MP for Rushcliffe, Ruth Edwards writes about flooding, the A52 Clifton Bridge and East Leake health centre among other things this month.
It’s certainly been an incredibly busy and exciting last few months here in Rushcliffe, and at Westminster, not least with this week’s Budget.
The doubling of national investment in flood defences was a most welcome announcement from the Chancellor. I will be writing to DEFRA to find out whether we can bid for some of this money. In another announcement, I was pleased to hear about the abolition of business rates for nearly 50% of businesses in England this year, this will do a lot to help our small and medium businesses cope with a temporary reduction in consumer demand due to coronavirus. This Budget may well go down in history as the Coronavirus Budget and I welcome the Government’s £30 billion packages to deal with the temporary health and financial challenges brought to us by Covid-19. Substantial support for the NHS, business, councils and workers will help the country tackle the weeks and months ahead.
Locally, I am pleased to report that good progress is being made on the important issues I pledged to tackle as your MP.
Firstly, I am continuing to visit flooded communities across the constituency and speak to residents and ask them what should be done to make communities more protected in the future. I have so far held meetings in Colston Bassett, Tollerton, Gotham and Bunny. I would like to thank the hundreds who have come, despite their lives being severely affected by flooding, to tell me their stories and to give me their views.
I am generating all of this information into a report which I will present to key stakeholders at a round table event in the near future so that we can discuss what future action should be taken.
I recently toured the flood-hit Rushcliffe School and I have written to the education secretary asking him if there is any financial help available. The principal, Damian Painton, showed me the damage – estimated at £500,000 – and initially, the school lost 12 classrooms due to the flood water running from the nearby Bovis Sharphill housing development, but six are now back up and running. Staff, pupils and parents have been fantastic at getting on with school life despite this disruption.
This shows just how important it is that our communities are resilient to extreme weather and can withstand our increasingly uncertain climate.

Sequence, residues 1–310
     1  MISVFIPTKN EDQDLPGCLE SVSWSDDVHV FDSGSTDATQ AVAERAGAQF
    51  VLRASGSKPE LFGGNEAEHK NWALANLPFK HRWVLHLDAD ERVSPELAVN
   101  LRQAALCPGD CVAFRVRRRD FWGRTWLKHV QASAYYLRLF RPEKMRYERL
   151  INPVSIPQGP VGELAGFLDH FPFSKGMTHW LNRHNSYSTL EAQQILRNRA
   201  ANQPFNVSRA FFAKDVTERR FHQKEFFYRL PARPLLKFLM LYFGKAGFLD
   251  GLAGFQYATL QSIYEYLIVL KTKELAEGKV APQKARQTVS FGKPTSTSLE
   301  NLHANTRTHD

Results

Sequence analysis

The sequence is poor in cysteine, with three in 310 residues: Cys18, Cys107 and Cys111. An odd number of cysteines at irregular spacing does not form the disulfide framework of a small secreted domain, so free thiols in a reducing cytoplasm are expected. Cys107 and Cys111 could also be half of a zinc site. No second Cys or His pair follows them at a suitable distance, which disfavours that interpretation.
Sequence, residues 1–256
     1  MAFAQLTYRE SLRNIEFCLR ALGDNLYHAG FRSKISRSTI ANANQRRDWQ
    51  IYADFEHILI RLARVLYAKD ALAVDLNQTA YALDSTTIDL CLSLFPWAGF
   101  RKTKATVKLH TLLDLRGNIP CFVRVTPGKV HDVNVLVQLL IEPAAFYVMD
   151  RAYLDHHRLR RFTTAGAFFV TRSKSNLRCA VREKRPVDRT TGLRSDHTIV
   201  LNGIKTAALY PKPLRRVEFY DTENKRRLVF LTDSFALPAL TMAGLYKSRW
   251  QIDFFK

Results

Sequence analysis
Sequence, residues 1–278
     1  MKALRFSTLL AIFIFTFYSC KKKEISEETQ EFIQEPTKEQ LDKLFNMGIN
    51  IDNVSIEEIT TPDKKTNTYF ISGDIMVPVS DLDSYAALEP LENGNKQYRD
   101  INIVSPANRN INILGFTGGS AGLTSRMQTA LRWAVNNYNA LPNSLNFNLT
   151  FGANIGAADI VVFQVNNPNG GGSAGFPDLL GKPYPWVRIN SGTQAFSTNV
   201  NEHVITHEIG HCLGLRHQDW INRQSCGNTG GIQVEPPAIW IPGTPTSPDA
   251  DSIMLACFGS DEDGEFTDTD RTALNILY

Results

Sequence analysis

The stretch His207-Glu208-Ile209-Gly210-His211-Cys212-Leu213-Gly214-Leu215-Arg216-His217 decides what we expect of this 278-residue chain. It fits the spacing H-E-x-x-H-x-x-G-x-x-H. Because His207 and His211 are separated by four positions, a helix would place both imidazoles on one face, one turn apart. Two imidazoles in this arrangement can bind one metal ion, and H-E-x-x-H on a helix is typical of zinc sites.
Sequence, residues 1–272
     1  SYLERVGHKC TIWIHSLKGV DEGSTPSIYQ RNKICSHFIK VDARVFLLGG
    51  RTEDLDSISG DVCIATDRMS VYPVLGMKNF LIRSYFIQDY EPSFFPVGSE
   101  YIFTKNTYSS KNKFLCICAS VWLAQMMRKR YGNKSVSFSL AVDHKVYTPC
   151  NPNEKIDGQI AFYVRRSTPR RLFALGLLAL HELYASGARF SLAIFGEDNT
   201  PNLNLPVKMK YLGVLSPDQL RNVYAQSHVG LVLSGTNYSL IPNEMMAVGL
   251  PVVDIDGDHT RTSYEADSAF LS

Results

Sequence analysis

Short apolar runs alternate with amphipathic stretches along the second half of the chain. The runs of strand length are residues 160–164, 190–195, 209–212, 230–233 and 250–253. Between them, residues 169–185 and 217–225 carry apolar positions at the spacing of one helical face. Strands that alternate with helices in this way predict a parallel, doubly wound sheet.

Secondly, my campaign for a new community health centre at East Leake has gained momentum with an Adjournment Debate held in parliament on the subject. I told the health minister Jo Churchill the building was not fit for purpose and needs to be replaced with modern high-quality accommodation and relocate social services, dental practice, pharmacy and parish council offices, plus charities to a community hub.
The present 60-year-old prefabricated Gotham Road structure suffers from a leaking roof and is the oldest health centre in Nottinghamshire. Despite this, its dedicated doctors and nurses serve some 11,000 patients and will soon be adding around 3000 more. The minister kindly accepted my invitation to visit to see the issues first-hand. This is not the end of the campaign, only the beginning. I will continue to push the case in Parliament and with ministers.
Thirdly, repairs to the A52 Clifton bridge have caused misery to commuters – many of them from West Bridgford. Highways England said the extensive concrete damage to the bridge means work is expected to last until at least the end of the year. I have written to the Transport Secretary asking for a meeting to discuss the issue, which has reignited calls for a fourth Trent crossing. This is something I support even though I fully understand its location is a complex issue that needs consensus. If it happens, I would like it to have a major sustainable transport component too. The best options must be worked up into full proposals without delay, so they can be moved forward as quickly as possible.
I have also become the Parliamentary Private Secretary PPS to the Secretary of State for Scotland Alister Jack. This unpaid promotion means I become the ‘eyes and ears’ of the Secretary of State in parliament and liaise with MPs on his behalf. It’s certainly a great honour and a bit of a surprise so early in my parliamentary career but it means I can learn first-hand about how a government department works and this will be of real benefit in my work representing Rushcliffe. Be assured that, while I will be learning a great deal, the position will not impact on my work in Rushcliffe or the promises I have made to residents to be their champion.
Finally, I am inviting all schools in Rushcliffe to come to parliament in the autumn and learn about how our democracy works. It is really important young people become engaged with politics and I look forward to schools getting in touch so we can organise tours, plus the added bonus of a question and answer session with me. I would have liked to invite them all this spring but have decided to delay until the situation with coronavirus and the impact on visitors to Parliament is more clear.
Schools interested in visiting later this year should email me at: firstname.lastname@example.org